We then forced the issue. I pushed my bill, which we dubbed the Embassy Security Act, to completion. It was signed into law as part of this overall State Department reauthorization. It had a lot of disparate elements, but that was the engine that drove it. And in the end we got some, but I don't think all, of that money, particularly by the time we got to the appropriations process.
And I guess my question is that-you know, we've been hearing the blame game, and which I, frankly, resent when I hear people talking about it, because there's blame all around. But frankly, when good people do all they can possibly do and OMB steps in, as they did then, to say you're not getting it, there's a problem. And our hearing highlighted that problem.
I remember Dan Gentzler (sp) from the Foreign Service Association, he was president, he made the point that we go from one crisis to the next, and everybody is Johnny on the spot for the first year and then it just falls off the table and people are no longer as diligent. I have not seen that in this administration. I have not seen it over the last three years. And believe me, I have followed it very, very closely.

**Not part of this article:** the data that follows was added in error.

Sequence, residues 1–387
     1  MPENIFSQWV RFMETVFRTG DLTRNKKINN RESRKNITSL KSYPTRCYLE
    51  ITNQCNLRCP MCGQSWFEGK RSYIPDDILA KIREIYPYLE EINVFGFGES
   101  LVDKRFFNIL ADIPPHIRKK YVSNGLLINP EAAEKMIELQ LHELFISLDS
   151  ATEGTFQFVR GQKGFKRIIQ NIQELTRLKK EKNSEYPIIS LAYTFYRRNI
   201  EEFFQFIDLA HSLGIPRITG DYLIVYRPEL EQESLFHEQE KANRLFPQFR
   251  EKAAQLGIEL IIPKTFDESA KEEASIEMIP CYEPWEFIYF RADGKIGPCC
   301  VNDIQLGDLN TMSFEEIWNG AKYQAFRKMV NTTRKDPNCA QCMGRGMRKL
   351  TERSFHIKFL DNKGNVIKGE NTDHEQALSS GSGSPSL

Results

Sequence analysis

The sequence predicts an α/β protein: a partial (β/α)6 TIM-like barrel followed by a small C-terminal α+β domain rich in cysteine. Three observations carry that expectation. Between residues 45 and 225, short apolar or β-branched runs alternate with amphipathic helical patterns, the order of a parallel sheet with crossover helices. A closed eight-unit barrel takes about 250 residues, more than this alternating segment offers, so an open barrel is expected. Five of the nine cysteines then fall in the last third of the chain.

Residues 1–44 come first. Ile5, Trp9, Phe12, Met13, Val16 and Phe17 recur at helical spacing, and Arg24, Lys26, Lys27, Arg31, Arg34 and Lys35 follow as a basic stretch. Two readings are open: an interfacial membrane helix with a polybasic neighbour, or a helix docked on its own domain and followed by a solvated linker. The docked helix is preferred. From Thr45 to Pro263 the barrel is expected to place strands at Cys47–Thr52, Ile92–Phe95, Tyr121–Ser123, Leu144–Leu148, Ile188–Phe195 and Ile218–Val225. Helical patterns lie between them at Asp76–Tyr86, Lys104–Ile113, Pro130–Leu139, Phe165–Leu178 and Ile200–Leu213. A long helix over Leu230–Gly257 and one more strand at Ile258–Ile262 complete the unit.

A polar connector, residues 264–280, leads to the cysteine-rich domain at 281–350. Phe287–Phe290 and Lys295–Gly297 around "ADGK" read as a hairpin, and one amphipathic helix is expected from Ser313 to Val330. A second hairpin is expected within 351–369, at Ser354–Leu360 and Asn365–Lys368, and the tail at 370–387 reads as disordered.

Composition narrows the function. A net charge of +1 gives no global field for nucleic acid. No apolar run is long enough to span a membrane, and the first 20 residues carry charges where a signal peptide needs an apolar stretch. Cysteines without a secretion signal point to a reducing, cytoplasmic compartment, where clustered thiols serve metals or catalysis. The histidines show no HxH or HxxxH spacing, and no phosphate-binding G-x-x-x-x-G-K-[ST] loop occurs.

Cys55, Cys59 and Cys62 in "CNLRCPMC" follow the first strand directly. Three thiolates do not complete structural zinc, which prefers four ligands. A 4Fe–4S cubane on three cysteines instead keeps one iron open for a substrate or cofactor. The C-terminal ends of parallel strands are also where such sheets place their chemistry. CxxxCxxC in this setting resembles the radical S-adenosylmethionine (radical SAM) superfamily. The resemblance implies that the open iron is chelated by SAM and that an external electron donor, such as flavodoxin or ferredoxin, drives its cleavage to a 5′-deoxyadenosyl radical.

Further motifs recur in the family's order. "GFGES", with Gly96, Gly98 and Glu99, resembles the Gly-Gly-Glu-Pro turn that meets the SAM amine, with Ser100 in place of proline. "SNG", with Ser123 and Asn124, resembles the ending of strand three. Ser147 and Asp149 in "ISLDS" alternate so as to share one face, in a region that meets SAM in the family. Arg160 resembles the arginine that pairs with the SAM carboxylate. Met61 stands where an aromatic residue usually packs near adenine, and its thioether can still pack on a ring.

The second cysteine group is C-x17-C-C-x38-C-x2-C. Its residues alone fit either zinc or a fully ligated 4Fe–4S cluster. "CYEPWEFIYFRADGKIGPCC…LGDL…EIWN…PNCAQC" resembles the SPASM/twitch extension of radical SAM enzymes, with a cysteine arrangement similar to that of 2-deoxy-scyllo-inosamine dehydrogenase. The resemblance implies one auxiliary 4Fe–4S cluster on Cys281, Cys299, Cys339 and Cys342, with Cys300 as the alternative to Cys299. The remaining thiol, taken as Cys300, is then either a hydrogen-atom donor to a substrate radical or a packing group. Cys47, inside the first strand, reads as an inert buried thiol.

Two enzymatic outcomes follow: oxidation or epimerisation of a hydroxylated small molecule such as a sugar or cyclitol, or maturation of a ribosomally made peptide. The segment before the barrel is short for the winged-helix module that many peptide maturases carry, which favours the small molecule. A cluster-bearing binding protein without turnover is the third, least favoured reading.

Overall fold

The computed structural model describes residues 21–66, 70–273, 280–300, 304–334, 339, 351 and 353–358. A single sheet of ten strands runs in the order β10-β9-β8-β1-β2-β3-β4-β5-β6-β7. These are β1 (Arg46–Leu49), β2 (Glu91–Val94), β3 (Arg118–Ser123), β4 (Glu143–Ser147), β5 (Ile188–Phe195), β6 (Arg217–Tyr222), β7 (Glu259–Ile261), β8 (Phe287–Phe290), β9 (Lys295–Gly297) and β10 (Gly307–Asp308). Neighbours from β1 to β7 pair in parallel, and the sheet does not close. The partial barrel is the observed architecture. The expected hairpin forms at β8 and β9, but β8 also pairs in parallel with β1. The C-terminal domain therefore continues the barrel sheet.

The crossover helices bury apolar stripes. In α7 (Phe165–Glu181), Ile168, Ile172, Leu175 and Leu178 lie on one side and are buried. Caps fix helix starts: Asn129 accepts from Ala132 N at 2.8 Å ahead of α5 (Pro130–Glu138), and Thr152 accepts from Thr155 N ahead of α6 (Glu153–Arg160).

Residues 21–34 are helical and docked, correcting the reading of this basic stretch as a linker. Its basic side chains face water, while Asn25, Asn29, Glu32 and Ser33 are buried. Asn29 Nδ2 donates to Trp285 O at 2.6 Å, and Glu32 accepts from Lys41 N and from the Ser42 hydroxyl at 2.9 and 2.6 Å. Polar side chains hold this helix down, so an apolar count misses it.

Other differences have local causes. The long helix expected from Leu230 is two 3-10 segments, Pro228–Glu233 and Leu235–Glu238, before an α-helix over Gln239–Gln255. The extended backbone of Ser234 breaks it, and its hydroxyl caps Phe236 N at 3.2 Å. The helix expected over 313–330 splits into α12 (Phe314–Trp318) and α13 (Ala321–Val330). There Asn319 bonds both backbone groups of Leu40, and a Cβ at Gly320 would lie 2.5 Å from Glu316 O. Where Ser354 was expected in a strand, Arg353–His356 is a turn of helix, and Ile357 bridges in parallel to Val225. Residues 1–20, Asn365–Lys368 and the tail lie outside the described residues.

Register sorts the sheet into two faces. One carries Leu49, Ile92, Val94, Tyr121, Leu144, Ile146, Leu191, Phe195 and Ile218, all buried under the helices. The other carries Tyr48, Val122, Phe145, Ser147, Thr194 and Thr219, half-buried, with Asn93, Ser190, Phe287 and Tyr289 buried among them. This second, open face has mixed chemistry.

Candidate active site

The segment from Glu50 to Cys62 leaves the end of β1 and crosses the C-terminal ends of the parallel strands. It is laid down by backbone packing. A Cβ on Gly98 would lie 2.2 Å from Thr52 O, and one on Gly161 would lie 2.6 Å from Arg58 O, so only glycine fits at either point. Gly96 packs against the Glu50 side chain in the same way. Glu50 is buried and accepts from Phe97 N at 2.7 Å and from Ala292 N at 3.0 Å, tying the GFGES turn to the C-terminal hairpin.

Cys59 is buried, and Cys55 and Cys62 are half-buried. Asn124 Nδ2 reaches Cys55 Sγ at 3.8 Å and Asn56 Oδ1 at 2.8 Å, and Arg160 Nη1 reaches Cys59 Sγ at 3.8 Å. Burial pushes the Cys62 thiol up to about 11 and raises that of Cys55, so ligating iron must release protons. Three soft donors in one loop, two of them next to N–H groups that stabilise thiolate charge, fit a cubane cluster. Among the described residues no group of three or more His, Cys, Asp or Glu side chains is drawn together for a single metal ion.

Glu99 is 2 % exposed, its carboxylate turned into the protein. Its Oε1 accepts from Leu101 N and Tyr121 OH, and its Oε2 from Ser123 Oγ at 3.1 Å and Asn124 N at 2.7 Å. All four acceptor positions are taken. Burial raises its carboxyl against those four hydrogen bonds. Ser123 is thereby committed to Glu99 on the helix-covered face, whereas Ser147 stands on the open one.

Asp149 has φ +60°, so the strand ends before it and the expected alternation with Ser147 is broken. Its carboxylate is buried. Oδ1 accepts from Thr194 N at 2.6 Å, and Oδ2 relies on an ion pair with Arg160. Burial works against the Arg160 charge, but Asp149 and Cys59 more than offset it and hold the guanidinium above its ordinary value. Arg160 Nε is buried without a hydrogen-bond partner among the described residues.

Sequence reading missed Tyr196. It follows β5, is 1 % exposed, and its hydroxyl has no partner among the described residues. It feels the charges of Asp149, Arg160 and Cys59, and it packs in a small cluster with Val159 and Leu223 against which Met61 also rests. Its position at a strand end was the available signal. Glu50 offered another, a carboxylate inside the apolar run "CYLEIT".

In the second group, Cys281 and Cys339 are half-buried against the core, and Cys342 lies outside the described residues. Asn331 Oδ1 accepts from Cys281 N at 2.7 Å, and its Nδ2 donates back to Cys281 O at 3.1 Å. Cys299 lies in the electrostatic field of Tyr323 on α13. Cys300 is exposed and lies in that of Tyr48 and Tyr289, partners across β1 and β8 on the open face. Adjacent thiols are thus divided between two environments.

My question to you would be about resources. Have we allocated sufficient resources to do the job? And I would just say parenthetically, so many things may have led to 9/11; maybe not.